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Crew boards space shuttle for launch from Florida

Written by: Staff

CAPE CANAVERAL, Fla, Sep 9 (Reuters) Six astronauts climbed aboard the space shuttle Atlantis today for a last-ditch attempt to launch a mission to resume construction of the International Space Station.

With weather conditions forecast to be favorable after a run of bad luck, liftoff is targeted for 2045 hrs from the Kennedy Space Center in Florida on the final day of the shuttle's two-week launch window.

NASA has been trying to get the shuttle and its six-member crew off the launch pad since Aug 27 Another delay would force NASA to wait until Russia completes a mission to the space station that is scheduled to begin next week.

Weather problems bedeviled the US space agency during its first week of launch attempts. A massive bolt of lightning struck the launch pad, prompting a two-day review to check the shuttle and ground equipment. Then the spacecraft was temporarily removed from the seaside pad because of threatening winds from a tropical storm.

This week's delays were caused by technical concerns: an unusual voltage spike in one of the shuttle's electricity generators and the unwelcome return yesterday of a mysterious fuel sensor problem that dogged NASA last year as it attempted to fly the first shuttle mission since the 2003 Columbia disaster.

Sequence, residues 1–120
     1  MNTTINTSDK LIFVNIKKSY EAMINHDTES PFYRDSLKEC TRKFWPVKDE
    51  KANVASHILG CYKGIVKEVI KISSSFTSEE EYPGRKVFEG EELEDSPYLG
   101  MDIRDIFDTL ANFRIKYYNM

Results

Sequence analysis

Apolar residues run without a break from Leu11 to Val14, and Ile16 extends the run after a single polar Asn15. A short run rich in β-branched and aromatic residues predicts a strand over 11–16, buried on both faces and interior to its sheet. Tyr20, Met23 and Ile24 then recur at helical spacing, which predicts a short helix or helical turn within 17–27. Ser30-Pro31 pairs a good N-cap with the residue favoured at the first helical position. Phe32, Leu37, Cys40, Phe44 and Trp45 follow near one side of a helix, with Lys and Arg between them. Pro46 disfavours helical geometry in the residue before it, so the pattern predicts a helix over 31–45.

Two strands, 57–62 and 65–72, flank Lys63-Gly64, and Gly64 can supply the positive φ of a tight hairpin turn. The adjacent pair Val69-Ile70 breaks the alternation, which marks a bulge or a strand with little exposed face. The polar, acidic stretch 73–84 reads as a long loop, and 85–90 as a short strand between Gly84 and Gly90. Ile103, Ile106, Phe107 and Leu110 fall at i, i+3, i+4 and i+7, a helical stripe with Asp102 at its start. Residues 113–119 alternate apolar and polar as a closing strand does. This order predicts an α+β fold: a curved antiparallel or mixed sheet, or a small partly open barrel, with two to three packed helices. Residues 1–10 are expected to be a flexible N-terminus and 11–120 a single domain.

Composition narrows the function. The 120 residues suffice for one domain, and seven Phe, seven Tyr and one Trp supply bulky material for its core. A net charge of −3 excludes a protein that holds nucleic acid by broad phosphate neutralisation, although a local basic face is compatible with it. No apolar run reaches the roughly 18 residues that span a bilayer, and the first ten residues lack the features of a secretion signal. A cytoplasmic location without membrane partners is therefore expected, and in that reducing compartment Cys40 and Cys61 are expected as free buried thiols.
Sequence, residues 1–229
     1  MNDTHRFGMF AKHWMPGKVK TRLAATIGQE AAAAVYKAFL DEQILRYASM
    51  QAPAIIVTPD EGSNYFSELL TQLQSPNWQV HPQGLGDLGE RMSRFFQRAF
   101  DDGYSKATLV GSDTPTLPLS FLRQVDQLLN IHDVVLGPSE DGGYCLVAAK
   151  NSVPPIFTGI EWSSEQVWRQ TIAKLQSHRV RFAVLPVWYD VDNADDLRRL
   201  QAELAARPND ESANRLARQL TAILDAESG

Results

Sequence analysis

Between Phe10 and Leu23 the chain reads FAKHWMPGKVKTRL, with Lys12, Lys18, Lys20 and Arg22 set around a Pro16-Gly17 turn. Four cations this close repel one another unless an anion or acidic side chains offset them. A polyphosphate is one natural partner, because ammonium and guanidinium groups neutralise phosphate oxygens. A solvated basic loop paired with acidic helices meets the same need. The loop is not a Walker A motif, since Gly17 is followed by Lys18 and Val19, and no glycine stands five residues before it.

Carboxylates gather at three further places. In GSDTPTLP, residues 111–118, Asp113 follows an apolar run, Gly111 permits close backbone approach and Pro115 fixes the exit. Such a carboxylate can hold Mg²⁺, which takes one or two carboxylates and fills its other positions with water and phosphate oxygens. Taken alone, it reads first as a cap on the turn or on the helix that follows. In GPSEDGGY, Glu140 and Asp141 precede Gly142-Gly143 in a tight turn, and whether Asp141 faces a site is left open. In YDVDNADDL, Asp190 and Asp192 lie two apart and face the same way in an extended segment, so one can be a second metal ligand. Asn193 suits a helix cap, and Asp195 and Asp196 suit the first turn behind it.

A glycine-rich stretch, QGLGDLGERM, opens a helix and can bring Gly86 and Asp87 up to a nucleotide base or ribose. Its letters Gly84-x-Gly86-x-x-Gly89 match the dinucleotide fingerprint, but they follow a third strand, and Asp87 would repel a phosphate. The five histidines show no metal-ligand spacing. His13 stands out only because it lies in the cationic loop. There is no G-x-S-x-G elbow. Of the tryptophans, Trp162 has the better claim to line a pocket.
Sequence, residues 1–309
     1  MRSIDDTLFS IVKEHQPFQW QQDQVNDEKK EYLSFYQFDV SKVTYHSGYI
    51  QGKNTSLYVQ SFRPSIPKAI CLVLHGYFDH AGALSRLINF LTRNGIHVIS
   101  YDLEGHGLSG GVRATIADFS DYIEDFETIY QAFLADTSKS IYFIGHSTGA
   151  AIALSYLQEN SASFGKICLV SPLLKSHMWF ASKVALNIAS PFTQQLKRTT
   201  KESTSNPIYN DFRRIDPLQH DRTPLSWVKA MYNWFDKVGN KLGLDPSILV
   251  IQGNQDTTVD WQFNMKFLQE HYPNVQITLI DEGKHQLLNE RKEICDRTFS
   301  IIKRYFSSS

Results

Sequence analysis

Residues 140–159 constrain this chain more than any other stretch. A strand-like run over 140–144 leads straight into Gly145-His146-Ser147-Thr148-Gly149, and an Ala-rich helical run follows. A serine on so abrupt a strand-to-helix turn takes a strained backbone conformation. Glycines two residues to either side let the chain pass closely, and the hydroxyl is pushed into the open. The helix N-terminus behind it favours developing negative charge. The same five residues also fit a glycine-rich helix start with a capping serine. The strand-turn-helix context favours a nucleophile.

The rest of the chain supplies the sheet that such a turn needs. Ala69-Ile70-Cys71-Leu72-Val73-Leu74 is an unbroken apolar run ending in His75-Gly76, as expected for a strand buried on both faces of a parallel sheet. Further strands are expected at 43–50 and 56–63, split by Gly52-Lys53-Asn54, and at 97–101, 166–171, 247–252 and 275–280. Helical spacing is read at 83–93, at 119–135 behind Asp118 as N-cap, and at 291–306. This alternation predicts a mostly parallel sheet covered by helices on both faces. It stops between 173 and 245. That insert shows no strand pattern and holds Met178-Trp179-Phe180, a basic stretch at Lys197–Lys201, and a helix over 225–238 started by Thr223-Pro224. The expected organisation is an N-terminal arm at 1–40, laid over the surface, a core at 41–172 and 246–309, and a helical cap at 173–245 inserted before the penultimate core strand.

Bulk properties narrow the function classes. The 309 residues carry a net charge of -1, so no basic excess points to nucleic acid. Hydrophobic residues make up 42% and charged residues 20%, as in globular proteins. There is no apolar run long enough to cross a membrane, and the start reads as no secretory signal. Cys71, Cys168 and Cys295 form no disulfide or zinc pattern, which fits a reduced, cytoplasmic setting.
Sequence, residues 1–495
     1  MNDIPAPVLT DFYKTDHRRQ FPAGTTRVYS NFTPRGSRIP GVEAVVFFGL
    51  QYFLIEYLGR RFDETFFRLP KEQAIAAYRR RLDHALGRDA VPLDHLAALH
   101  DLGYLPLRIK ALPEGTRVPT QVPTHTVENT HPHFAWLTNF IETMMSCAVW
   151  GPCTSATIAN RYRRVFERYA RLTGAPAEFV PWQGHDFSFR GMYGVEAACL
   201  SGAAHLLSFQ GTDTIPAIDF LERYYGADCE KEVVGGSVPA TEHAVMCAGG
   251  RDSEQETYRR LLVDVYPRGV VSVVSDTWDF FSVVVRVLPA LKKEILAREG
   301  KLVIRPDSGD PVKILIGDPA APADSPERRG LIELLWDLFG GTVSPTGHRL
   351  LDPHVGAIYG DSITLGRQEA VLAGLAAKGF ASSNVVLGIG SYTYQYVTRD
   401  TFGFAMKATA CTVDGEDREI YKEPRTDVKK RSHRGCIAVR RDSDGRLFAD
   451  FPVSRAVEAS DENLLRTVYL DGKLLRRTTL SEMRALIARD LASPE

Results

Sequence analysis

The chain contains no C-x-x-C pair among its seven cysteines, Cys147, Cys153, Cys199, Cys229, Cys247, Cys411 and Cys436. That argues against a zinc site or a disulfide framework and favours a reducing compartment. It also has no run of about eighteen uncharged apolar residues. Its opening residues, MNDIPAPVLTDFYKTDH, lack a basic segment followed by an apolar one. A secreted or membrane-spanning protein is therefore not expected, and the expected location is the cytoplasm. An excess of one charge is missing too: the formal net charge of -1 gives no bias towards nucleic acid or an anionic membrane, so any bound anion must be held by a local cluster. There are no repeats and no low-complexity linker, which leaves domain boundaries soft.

The sensor is one of four that serve as a backup system to make sure the shuttle's engines shut down before the tank runs out of fuel.

Technicians filled the shuttle's 154-foot-tall fuel tank with a half-million gallons of cryogenic propellants early yesterday.

The crew, led by commander Brent Jett and including pilot Chris Ferguson, mission specialists Joe Tanner, Dan Burbank, Heidemarie Stefanyshyn-Piper and Canadian astronaut Steve MacLean, took their seats aboard the spacecraft for the second day in a row. yesterday's flight was called off less than an hour before launch.

With Atlantis' flight, NASA plans to restart construction of the International Space Station, which has been on hold since the Columbia accident. The crew is to deliver and install a 372 million dollars solar power module.

About half of the 100 billion dollars orbital outpost remains in pieces at the Kennedy Space Center awaiting rides on the shuttles.

NASA plans to stop flying the space shuttles by 2010 as the United States moves to a new spacecraft to fly crews to the space station and the moon.

The station components were all designed, however, to be launched only on the shuttle, putting pressure on NASA to operate its three-ship fleet consistently and safely so the station can be finished.


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